How does Jackson's bank veto reflect a continuation of Jeffersonian ideas?

Expert Answers
pohnpei397 eNotes educator| Certified Educator

To understand why this is so, let us first look at what Jefferson’s ideals were.  The relevant ideal that Jefferson held was an image of the United States as a country of small, independent farmers.  Jefferson believed that this was the only way to have a true democracy.  He believed that small farmers were not dependent on anyone else (since they grew and made the vast majority of the things they needed).  Therefore, their votes could not be swayed by anyone else.  This made them worthy of participating in a democracy.  Jefferson felt that anyone who worked for someone else, or who made their living selling things to others, was essentially dependent on those other people and could not be truly equal to them.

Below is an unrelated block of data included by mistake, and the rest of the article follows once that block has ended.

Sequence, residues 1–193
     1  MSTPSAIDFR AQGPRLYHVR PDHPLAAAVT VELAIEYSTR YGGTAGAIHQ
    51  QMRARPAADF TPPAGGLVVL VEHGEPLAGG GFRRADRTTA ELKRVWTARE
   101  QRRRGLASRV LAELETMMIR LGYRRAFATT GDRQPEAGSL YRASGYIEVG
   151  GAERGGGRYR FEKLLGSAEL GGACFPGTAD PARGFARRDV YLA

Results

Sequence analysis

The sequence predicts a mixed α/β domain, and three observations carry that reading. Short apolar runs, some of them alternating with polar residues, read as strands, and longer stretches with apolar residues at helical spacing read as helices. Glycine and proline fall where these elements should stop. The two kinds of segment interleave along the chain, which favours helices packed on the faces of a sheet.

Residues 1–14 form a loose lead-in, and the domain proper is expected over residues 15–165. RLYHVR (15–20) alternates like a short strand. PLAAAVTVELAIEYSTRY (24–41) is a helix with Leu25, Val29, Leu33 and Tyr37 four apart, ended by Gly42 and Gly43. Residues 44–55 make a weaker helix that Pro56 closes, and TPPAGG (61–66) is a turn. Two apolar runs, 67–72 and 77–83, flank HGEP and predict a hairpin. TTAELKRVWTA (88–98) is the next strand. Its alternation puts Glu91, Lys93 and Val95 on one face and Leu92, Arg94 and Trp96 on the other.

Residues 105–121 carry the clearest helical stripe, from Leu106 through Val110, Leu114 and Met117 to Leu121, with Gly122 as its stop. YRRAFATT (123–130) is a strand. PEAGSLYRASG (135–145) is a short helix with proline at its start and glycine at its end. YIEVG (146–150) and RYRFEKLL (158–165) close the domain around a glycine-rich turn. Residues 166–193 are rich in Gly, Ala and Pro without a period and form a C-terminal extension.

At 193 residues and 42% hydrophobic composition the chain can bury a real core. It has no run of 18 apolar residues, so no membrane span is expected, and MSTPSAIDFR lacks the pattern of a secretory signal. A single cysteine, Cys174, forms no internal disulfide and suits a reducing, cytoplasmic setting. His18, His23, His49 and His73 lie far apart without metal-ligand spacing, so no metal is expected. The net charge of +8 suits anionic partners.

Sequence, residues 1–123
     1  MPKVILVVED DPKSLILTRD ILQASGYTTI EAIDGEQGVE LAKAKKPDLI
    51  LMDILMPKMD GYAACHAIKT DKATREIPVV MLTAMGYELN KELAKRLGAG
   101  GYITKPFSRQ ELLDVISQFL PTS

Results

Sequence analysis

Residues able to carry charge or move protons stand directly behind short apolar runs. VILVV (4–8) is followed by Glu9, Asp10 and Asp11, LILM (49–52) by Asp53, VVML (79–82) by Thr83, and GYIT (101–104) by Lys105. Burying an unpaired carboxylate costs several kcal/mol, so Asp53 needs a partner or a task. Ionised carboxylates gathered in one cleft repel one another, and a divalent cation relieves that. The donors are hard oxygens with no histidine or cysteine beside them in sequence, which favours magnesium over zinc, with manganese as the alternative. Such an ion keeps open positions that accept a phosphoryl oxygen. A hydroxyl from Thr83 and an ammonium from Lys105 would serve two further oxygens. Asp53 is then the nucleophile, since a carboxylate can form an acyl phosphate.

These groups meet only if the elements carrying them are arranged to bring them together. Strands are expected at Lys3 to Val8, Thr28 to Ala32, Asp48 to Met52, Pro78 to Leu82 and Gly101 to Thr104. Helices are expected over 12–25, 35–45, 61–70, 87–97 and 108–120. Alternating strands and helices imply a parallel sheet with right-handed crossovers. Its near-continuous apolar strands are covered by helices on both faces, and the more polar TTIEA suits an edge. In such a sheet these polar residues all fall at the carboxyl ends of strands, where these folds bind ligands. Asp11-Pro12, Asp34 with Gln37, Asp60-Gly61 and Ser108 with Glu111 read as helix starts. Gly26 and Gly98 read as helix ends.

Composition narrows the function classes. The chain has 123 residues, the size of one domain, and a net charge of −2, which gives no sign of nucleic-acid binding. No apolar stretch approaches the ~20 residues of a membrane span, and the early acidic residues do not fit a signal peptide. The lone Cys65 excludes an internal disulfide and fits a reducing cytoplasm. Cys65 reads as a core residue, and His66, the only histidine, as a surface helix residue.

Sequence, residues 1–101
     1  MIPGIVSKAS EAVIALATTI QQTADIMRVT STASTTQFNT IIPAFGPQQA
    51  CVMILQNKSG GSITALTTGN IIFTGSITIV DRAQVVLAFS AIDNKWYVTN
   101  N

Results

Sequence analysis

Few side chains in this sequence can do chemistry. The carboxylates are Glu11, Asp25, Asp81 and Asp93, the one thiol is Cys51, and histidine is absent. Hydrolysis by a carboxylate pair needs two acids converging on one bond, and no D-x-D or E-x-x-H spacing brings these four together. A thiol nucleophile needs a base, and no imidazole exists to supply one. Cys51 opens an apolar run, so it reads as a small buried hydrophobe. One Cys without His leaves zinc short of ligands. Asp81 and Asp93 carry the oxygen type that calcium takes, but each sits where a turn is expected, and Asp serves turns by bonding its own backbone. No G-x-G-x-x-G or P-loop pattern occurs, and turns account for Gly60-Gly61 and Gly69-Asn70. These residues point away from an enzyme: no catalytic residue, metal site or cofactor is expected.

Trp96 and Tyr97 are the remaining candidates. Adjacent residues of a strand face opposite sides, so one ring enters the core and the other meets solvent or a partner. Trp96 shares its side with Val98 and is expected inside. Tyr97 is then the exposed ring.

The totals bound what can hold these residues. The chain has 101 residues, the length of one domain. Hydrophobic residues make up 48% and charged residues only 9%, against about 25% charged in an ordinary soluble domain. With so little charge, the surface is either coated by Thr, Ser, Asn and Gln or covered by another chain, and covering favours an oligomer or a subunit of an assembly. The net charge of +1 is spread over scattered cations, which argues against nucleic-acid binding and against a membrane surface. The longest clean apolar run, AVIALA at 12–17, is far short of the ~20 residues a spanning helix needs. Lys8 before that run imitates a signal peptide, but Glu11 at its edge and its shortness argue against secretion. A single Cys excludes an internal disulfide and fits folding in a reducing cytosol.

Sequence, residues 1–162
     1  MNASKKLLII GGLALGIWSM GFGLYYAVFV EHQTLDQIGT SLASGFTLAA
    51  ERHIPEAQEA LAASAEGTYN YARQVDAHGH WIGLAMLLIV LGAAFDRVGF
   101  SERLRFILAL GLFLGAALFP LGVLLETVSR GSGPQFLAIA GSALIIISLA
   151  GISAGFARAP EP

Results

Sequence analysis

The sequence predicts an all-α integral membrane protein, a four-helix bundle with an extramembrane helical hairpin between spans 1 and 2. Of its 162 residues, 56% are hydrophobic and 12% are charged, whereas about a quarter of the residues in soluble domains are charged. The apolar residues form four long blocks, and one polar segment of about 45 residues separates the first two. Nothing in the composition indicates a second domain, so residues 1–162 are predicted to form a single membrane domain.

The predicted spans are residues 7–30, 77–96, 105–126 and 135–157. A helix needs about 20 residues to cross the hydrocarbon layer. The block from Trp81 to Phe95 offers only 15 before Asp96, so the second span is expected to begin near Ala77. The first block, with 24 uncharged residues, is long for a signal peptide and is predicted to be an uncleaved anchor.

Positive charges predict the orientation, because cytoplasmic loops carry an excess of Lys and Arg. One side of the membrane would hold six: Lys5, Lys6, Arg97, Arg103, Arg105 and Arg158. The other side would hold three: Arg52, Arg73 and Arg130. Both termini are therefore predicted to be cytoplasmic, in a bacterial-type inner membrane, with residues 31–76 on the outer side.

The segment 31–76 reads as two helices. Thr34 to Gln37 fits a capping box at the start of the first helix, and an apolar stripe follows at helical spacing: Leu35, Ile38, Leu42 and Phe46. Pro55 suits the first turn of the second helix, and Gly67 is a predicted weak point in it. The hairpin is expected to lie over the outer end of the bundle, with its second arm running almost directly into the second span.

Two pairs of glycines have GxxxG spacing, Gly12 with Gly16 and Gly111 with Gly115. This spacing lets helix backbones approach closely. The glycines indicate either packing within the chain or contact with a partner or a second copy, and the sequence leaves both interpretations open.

The Second Bank of the United States did not contribute to such a society.  Instead, it was created mainly to help create a Hamiltonian vision of a society in which there were factories and many merchants along with farmers.  This is not what Jefferson wanted.  President Jackson also believed that the government should work for the common person, not for the elites.  He wanted a society similar to that which Jefferson wanted.  When he vetoed the bank, he was (he felt) striking a blow for an egalitarian society of small farmers.  This is exactly what Jefferson would have wanted.